RICHMOND, Va. -- Virginia residents in Bland, Buchanan, Giles, Smyth or Tazewell counties and the city of Galax whose wells or septic systems were damaged as a result of the November 18-19 severe storms and floods, may be eligible for financial assistance from the Department of Homeland Security's Federal Emergency Management Agency (FEMA) to complete necessary repairs.
Homeowners in declared areas may be eligible for grant funding to pump septic tanks, perform required repairs or replace the system as needed. Damaged private wells that are the sole source of water for the home also may be repaired or decontaminated.
"We don't want anyone living in a house with contaminated water or exposed to raw sewage," said FEMA Federal Coordinating Officer Lou Botta. "Applicants for state and federal disaster assistance should advise the FEMA inspector that they have a private well and septic system."
Home-repair grants are designed to restore the home to a safe and sanitary condition. To qualify for this disaster assistance, applicants must own their home and the home must be their primary residence. Grants are not intended to restore a home to pre-disaster condition and cannot be used for cosmetic repairs or repairs covered by insurance.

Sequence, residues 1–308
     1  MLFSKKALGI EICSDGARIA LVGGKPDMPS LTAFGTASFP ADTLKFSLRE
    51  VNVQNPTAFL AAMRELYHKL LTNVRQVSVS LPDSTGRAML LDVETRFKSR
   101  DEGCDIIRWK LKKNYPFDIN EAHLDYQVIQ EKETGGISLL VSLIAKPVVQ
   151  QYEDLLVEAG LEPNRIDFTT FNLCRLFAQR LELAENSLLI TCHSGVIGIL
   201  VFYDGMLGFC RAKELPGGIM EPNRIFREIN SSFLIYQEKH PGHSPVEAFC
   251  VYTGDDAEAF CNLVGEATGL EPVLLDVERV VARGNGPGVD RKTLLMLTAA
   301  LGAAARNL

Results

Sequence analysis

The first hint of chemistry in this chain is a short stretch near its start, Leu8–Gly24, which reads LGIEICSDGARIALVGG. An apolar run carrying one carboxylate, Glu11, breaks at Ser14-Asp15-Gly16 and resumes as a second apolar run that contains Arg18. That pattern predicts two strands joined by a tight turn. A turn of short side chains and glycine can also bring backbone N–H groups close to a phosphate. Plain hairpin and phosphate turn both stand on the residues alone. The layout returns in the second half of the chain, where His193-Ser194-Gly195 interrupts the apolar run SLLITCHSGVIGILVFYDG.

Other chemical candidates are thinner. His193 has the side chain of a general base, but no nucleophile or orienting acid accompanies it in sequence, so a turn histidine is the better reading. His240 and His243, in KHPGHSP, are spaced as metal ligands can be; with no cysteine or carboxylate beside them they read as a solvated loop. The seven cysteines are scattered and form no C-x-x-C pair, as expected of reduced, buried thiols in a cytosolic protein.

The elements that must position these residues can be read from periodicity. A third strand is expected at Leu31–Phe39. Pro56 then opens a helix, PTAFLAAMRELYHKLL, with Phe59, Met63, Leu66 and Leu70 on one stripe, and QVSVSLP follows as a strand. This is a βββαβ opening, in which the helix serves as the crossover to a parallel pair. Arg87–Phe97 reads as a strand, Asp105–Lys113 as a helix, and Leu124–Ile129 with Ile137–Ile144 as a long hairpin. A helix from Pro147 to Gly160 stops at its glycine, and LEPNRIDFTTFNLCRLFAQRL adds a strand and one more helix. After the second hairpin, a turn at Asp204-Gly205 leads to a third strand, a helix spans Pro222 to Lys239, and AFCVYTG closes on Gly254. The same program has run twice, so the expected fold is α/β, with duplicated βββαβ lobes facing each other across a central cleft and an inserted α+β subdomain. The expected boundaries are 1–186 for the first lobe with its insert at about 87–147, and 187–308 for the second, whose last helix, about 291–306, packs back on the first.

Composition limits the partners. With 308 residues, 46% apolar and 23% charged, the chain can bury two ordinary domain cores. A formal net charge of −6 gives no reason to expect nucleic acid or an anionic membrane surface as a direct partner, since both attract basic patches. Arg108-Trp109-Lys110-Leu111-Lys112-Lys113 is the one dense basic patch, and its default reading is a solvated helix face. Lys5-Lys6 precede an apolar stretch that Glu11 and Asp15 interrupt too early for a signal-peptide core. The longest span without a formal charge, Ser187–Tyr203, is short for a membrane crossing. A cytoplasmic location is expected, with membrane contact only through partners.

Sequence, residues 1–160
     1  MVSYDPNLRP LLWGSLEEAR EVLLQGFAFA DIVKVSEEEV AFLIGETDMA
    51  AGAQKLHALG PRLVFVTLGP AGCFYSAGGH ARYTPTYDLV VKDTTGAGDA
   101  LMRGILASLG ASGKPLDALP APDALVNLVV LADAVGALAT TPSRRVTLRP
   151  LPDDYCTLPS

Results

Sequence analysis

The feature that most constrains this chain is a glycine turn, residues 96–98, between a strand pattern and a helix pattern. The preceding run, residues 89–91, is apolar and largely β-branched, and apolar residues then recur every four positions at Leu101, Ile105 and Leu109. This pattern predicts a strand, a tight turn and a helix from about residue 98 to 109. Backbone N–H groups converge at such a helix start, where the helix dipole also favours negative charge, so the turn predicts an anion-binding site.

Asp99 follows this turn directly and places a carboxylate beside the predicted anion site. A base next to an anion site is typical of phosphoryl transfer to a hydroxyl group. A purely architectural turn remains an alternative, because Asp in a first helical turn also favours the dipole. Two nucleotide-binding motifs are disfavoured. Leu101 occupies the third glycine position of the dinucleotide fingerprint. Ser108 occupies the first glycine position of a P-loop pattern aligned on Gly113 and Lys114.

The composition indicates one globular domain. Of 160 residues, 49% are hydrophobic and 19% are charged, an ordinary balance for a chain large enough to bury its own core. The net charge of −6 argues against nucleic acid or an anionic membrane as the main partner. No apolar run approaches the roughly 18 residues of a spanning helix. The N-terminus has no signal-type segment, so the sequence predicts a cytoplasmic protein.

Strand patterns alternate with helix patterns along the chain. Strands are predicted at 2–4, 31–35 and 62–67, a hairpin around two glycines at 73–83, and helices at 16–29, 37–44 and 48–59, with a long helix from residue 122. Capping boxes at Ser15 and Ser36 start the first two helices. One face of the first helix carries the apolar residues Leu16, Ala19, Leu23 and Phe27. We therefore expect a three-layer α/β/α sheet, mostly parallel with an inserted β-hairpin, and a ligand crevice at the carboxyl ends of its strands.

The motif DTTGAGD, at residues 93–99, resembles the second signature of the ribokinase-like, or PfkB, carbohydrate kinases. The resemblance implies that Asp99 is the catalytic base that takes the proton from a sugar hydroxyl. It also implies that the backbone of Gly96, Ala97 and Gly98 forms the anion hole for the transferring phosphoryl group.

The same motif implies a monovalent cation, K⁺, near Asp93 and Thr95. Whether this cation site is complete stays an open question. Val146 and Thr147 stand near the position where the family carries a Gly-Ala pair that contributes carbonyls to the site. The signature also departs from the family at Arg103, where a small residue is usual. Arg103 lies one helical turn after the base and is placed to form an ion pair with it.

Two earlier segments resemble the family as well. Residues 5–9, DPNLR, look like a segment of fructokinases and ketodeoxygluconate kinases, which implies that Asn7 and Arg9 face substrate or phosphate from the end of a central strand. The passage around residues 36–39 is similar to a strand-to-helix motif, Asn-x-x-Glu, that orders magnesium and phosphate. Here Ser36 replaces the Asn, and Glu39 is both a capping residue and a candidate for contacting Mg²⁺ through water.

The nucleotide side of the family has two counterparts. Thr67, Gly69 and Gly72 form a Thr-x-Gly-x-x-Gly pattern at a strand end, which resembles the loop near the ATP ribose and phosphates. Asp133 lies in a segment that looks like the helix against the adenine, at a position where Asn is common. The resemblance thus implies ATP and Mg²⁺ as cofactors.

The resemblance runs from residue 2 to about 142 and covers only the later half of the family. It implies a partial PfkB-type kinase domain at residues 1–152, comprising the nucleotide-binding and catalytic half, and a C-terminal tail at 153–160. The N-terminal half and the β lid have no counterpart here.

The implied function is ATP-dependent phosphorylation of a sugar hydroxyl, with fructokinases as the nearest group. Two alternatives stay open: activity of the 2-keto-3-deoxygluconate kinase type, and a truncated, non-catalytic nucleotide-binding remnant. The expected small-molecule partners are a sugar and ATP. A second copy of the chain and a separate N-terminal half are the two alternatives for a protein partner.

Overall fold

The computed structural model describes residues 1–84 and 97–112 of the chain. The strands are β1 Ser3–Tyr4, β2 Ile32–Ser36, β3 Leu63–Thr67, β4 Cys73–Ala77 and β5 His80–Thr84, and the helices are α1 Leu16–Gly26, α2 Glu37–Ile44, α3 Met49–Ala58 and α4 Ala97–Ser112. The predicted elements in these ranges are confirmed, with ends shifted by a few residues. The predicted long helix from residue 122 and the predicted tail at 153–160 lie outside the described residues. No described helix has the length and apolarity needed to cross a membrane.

Any Virginia resident in a disaster-declared locality who suffered damage or losses from the recent severe storms and flooding can register for disaster assistance by calling the FEMA toll-free registration number 1-800-621-FEMA (3362) or (TTY) 1-800-462-7585 for those with hearing or speech impairments. Phone lines are open from 8 a.m. to 6 p.m., Monday through Saturday. (The registration phone lines will be closed on December 25 and 26.)
On March 1, 2003, FEMA became part of the U.S. Department of Homeland Security. FEMA's continuing mission within the new department is to lead the effort to prepare the nation for all hazards and effectively manage federal response and recovery efforts following any national incident. FEMA also initiates proactive mitigation activities, trains first responders, and manages the National Flood Insurance Program and the U.S. Fire Administration.